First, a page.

How to make “coquito,” Puerto Rico’s coconut version of eggnog

Coquito is a traditional Puerto Rican beverage that’s made with coconut and rum.
Coquito is a traditional Puerto Rican beverage that’s made with coconut and rum.
Image: AP Photo/Matthew Mead
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One of the best parts of the winter holidays in the US is seeing how people incorporate unique cultural traditions into their family feasts.

In the US, eggnog is often served alongside a spiral-cut, glazed ham at Christmas dinner, for instance. My family, instead, accompanies pernil, or roasted pork shoulder, with coquito. Coquito is a traditional Puerto Rican cocktail that’s made with coconut and rum instead of the egg whites and whiskey usually found in eggnog.

Everyone has their own way of concocting the holiday cocktail. I took control of my family’s coquito recipe awhile back. I spent years fine-tuning it from a worn cookbook in my parents’ kitchen. It replaces real coconut, which is difficult to find in New York in the dead of winter, with the canned variety.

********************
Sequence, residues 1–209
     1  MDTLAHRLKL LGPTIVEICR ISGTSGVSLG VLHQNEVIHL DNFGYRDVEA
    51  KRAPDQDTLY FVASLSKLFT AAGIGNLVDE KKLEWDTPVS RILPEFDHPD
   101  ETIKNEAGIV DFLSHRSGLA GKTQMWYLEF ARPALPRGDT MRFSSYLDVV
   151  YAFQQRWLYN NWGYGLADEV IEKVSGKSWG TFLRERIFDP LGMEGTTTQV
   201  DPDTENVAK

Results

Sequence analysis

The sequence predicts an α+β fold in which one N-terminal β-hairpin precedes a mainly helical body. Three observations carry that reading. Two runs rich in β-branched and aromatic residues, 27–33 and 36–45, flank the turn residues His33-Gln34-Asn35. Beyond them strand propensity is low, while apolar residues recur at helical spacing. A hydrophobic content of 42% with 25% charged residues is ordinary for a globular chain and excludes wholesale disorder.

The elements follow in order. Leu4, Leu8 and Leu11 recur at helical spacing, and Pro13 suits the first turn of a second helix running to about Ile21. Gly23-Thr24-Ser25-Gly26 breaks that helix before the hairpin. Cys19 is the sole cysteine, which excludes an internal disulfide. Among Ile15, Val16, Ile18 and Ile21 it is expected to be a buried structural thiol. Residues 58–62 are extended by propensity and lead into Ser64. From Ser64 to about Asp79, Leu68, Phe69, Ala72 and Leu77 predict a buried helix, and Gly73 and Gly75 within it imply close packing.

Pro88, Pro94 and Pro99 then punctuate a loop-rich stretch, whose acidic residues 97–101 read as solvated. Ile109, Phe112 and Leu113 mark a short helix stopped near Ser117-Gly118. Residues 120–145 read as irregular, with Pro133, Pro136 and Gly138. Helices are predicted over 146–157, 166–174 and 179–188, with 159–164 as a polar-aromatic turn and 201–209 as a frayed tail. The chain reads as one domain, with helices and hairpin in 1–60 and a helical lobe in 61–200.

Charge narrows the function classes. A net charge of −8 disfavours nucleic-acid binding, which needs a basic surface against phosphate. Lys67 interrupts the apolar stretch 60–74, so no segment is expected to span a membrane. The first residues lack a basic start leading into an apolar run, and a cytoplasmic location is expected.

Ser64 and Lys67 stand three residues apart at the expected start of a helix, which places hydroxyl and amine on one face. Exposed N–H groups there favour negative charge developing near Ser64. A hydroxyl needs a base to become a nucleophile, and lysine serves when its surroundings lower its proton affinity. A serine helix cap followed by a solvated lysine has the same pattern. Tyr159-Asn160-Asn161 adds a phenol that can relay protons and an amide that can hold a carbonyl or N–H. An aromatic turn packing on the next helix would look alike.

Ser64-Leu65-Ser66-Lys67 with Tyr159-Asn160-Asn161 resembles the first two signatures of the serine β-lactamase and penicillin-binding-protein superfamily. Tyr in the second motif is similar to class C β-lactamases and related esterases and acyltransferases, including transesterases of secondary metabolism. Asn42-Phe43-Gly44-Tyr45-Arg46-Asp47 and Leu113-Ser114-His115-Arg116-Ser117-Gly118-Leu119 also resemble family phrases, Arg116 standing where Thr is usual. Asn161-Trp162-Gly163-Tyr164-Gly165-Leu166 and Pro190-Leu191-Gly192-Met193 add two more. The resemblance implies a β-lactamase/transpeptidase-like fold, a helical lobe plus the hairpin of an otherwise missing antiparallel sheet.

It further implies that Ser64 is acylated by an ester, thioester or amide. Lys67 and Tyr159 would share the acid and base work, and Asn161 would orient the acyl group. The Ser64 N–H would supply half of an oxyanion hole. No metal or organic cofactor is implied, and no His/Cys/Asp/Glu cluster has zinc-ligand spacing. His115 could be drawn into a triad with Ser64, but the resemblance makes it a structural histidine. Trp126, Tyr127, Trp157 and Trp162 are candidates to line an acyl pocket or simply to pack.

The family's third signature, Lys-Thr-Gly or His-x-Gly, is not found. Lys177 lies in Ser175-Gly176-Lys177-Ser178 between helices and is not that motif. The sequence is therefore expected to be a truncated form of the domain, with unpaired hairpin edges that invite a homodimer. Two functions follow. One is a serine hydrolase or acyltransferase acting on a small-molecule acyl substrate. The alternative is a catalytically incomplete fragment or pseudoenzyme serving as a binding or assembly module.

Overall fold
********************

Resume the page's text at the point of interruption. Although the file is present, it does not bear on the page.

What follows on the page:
Combine the following ingredients in a large bowl:

1 15-ounce can cream of coconut + 1 13.5-ounce can coconut milk (or 2 ripe coconuts baked, grated, and strained of milk)

1 14-ounce can sweetened condensed milk

1 5-ounce can evaporated milk

1 teaspoon ground cinnamon

3 egg yolks, lightly beaten

3 cups dark rum

Pour the mixture into a blender and blend until smooth, about 20 seconds. Do this in portions.

Pour the mixture into bottles (the empty rum bottle works well) and cap. Refrigerate for at least 2 hours.

Serve with a sprinkle of nutmeg or ground cinnamon, and a cinnamon stick.